The hamster cage needs to be placed in a spot with an even temperature, not directly exposed to sunlight or draft. The ideal place should be relatively quiet without too much traffic.
With that being covered, let's go through the necessary items for enriching the cage's interior.
In the wild, hamsters would dig deep holes and travel miles in search of food and mates. In captive conditions, the best way of mimicking this activity is through an exercise wheel.
There are several types of exercise wheels. Some are open from the front, while others are closed with holes the hamster can use to climb in. The closed-wheel designs are a safer option since they prevent slipping and injuries. You also have a saucer-style wheel that is not standing up vertically.
Most importantly, you need to make sure the surface the hamster runs on is not wire mesh or runged. This type of surface is dangerous as it can cause your hamster's foot to get caught, causing severe injuries.
The wheel size matters too – ideally, the wheel's diameter should not be less than 10-12 inches. Especially Syrian hamsters need a large wheel, so they don't have to arch their back while running. This, too, could cause serious health issues.
Do not be fooled by the hamster's size. In the wild, in its natural habitat, the average hamster can burrow in depths of as much as 0.7 meters. Burrowing is an instinctive drive and makes hamsters happy.
To enable this experience in the enclosure setting, you need to make sure the bedding layer is thick enough. By thick, we mean at least 15 cm or 6 inches in depth.
When it comes to bedding, it is not just the depth that matters – finding the suitable bedding material is vital. There are many bedding options available on the market, and some are better than others. In general, aspen and paper beddings are the top two choices.
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This may sound like stating the obvious, but in addition to a high-quality and nutritionally balanced diet, hamsters need treats and chews.
You can use commercially available chews or serve fruit and veggies chunks (you need to check the safety and portion size of the treat before serving it).
Short apple tree branches (that have not been treated with pesticides) and oven-roasted bread crusts make excellent chewing snacks for hamsters – they are tasty and will keep the teeth growth under control.
It is advisable to provide your hamster with two water sources – a vacuum-action inverted water bottle and a water bowl (plastic or ceramic).
Some hamsters prefer using the first and some the latter. However, since proper hydration is vital, it is best to offer both options.
Finally, the water in both sources needs to be changed daily. Nobody wants to drink stalled water, and your hamster is not an exception. Plus, if you change the water regularly, you will keep track of whether your hamster is drinking enough (the lack of water appetite is a red flag).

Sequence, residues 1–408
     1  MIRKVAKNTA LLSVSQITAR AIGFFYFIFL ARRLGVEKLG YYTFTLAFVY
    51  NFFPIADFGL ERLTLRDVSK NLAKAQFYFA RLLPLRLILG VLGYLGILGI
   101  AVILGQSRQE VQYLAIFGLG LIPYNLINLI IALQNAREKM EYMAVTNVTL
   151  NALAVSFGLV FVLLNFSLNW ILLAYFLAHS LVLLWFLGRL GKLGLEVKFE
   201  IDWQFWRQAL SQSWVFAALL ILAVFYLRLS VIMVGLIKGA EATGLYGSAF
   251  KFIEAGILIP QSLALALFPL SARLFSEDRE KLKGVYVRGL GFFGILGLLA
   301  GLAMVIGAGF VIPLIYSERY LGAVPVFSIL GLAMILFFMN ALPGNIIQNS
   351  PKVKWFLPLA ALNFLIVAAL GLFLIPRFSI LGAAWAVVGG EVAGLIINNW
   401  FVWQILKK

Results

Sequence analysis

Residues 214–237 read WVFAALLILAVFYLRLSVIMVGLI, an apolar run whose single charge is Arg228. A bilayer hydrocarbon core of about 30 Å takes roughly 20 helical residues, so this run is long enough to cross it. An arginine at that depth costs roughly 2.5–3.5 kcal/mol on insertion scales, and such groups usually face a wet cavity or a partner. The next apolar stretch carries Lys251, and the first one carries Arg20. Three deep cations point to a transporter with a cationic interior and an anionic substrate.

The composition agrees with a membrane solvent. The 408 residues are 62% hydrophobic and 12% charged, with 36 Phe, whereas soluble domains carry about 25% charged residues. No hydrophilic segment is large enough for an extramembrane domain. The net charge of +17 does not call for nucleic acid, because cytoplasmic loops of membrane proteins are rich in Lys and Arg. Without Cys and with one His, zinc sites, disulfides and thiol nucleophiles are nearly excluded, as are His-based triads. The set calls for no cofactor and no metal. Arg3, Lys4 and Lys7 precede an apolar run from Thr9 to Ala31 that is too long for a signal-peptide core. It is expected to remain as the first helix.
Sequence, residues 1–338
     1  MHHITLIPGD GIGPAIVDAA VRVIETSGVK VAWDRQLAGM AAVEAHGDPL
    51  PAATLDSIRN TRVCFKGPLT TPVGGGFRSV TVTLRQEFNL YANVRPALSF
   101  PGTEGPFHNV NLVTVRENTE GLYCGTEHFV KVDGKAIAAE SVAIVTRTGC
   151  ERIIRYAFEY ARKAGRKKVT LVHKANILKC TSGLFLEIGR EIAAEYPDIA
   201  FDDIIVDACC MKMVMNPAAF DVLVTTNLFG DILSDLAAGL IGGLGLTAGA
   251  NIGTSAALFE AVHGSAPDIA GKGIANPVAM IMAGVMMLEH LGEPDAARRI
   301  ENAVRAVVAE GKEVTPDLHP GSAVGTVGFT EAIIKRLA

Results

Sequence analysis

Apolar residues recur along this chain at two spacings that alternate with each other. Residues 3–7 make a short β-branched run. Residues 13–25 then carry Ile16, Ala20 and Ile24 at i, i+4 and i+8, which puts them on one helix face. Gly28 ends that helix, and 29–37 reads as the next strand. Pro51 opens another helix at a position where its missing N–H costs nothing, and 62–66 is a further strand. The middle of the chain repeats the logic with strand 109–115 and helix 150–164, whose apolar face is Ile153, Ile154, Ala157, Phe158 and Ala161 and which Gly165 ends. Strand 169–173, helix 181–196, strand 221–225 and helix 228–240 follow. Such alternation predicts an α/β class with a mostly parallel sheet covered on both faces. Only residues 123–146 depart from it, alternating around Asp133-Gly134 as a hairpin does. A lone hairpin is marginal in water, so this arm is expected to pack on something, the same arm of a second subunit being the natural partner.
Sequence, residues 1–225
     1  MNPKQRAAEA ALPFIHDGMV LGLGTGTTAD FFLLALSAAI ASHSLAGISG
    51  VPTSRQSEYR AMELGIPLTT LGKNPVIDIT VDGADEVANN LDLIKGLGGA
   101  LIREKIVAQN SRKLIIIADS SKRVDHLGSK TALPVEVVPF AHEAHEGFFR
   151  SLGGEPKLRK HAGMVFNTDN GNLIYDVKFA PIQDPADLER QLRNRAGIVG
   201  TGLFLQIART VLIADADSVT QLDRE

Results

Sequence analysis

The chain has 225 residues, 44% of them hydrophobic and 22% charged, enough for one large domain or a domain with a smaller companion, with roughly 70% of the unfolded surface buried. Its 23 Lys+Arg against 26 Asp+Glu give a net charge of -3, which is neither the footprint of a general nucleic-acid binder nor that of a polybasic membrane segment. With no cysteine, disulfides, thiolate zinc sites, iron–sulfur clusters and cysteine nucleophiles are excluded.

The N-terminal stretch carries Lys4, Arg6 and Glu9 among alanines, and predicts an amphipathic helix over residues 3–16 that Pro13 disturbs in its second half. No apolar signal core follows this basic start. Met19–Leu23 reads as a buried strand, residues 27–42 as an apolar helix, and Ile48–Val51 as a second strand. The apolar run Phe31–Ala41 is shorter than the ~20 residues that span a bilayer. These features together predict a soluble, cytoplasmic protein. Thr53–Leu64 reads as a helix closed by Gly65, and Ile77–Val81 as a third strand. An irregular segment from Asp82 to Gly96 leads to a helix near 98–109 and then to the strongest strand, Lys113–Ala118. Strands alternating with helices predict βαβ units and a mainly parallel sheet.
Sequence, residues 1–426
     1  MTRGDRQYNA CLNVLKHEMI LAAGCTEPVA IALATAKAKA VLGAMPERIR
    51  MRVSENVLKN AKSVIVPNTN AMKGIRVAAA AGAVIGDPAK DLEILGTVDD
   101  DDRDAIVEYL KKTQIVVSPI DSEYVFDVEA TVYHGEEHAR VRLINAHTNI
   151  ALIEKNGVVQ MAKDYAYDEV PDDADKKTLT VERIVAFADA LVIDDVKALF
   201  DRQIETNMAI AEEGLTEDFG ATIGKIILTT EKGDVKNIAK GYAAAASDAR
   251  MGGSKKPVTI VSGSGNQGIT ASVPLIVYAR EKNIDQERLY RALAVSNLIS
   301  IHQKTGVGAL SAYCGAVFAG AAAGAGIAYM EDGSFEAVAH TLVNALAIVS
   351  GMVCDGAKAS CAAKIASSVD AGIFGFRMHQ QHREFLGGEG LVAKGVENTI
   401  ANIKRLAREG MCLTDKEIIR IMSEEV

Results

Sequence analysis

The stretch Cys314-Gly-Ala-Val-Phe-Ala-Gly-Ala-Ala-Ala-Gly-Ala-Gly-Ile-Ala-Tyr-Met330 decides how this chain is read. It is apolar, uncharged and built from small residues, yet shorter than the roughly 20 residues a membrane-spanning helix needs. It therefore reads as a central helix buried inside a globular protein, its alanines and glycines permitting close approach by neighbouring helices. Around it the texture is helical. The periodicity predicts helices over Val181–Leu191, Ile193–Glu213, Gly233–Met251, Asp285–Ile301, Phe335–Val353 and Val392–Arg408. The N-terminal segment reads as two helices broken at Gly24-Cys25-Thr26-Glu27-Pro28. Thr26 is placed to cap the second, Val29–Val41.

To ensure your hamster's wellbeing, it is important to provide other items apart from food and water. The hamster wheel is the most important toy. In fact, it is so vital that we should classify it as a must-have necessity.
Provide your hamsters with as many toys as possible (while considering the overall space in the cage).
- Dr. Ivana Crnec, DVM
Other toys include commercially available hamster play areas, willow balls, tubes, nests, climbing structures, and hammocks. If you are not sure which toys your hamster likes, provide several different toy models. Later on, if your hamster dislikes some and refuses to use them, you can simply remove them.
Summing up – The Best Cages for Hamsters
With so many hamster cage choices finding the right one requires thorough investigation and review. Many factors affect the overall quality of the cage, but at the end of the day, safety and practicality are the most important.
Finally, when choosing the right hamster cage, consider the number of hamsters you have. While dwarf hamsters do not mind living in pairs, Syrian hamsters are not fond of roommates.
Nobody wants to live in a dull environment. Your hamster, just like you, appreciates a spacious and prosperous interior design.
Hamsters spend most of their time within the enclosure, thus making the importance of environmental enrichment critical.
Provide your hamsters with as many toys as possible (while considering the overall space in the cage).
It is also vital to replace any damaged toys and cage parts as they pose a danger to your hamster and trigger injuries.
- Dr. Ivana Crnec, DVM
Ivana Crnec is a Doctor of Veterinary Medicine specialized in domestic carnivores. She graduated from the University Sv. Kliment Ohridski, Faculty of Veterinary Medicine in Bitola, Republic of Macedonia. Ivana is a certified canine nutritionist and also certified in HAACP food safety system implementation. She currently works as a veterinarian while completing her postgraduate studies. Her research has been published in international journals.
NOTE: Advice provided within this article by FeedingMyPet.com is not a substitute for veterinary advice. Please discuss your hamster's specific dietary needs (based on his breed, weight, age, and health status) with a veterinarian.